AGU Fall Meeting – U23A-05: Curse of the Zombie Petabytes
Abstract: Total world digital information, estimated at about 1 zetabyte (ZB=10^21) in 2010, is forecast to reach 30-40 ZB by 2020. The storage available will then only be about 15 ZB. Scientific data, while a small fraction of that volume, pose a thorny problem for data-driven Earth science disciplines where temporal trends are critical: Older data sets, far from becoming obsolete, often gain in importance as time passes, and must therefore remain usable through careful curation. Unlike stone tablets, parchments, or high-quality paper, which have shelf lives of centuries or even millennia, digital data have a half-life measured in years to decades, not only because of medium degradation but, more critically, because of the rapid obsolescence of the underlying technology, in particular the software infrastructure. It is nigh impossible to use 7-track, 800bpi tapes from the 60’s, and it is questionable whether today’s media could be used in 2050. To combat obsolescence, data centers adopt a rigid discipline of “data migration,” with holdings regularly transferred to new technology every decade or so. This is typically required by parent agencies, and organizations such as the ICSU World Data System. In this light, it is clear that salvaging data from last century so that it can be analyzed simultaneously with current data becomes a massive migration exercise that is not helped by the all too common historical impulse to “save everything” (e.g., all successive versions of data, metadata, and higher-level products) as if resources and budgets were limitless. Further, software advances, longer series, better science, sometimes call for ever-improved reprocessing of entire data sets, which must be curated for that purpose in a condition that permits uniform processing. Other atavisms (e.g., save intermediate results, ostensibly as evidence trail; preserve all results for posterity, correct or not) leave “zombie” data sets never to be accessed for research. If unchecked, such practices could well overwhelm what Moore’s law can sustain. This is even more acute for simulation outputs, which can be essentially unbounded. I therefore argue that we need to develop a process and effective strategies acceptable to each community to select which data to save for long-term curation and which to discard, or face the zombies again in a few decades.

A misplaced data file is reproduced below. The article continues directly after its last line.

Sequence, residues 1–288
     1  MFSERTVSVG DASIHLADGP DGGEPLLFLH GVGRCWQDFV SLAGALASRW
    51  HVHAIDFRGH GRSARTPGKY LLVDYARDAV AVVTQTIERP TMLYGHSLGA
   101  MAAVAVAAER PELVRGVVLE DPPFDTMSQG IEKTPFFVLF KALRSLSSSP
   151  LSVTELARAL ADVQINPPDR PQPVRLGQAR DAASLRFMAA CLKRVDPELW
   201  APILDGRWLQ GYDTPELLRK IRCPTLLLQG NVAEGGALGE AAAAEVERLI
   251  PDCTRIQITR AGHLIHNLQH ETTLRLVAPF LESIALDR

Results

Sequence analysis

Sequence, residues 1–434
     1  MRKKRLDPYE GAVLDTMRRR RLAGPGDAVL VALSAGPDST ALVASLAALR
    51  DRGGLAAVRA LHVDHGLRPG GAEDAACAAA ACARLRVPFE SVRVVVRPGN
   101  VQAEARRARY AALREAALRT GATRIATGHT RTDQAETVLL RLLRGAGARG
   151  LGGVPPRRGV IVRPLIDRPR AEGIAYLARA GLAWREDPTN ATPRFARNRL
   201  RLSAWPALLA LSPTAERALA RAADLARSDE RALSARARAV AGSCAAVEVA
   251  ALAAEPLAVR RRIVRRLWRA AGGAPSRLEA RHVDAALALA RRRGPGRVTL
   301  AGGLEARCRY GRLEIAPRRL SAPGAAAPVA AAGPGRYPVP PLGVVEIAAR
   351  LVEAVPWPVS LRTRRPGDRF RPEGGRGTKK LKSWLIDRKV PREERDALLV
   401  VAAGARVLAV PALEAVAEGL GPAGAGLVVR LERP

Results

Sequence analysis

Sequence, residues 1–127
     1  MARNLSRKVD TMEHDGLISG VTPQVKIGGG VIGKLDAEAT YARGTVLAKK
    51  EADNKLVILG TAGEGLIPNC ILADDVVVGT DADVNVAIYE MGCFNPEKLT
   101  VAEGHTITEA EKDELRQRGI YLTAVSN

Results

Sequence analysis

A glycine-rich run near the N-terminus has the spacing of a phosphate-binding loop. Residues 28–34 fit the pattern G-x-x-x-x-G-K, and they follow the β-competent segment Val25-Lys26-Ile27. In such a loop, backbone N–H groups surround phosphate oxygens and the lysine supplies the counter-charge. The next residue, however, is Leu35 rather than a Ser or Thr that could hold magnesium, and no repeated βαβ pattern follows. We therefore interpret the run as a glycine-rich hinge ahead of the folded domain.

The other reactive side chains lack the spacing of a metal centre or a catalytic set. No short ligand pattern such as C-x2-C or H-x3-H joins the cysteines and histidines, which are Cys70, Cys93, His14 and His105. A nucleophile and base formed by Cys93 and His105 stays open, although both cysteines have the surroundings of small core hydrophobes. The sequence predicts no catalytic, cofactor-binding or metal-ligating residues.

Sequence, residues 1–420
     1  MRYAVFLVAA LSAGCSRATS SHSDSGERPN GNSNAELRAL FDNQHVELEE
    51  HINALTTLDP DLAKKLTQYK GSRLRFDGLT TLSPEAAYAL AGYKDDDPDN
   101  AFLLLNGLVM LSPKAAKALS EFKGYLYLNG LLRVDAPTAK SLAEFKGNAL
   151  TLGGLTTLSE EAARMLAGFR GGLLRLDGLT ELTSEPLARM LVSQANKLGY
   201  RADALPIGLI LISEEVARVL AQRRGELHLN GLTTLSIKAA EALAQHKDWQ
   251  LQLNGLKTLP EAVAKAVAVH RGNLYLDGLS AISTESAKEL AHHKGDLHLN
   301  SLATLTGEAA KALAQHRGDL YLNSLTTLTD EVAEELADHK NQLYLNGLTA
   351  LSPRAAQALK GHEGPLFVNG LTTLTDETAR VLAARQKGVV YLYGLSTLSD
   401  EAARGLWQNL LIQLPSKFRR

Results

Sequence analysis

|When||03:00 PM–03:20 PM, 15 Dec 2015|
|Where||Moscone Center (West - 3002), San Francisco|
|Contact Name||Bernard Minster|
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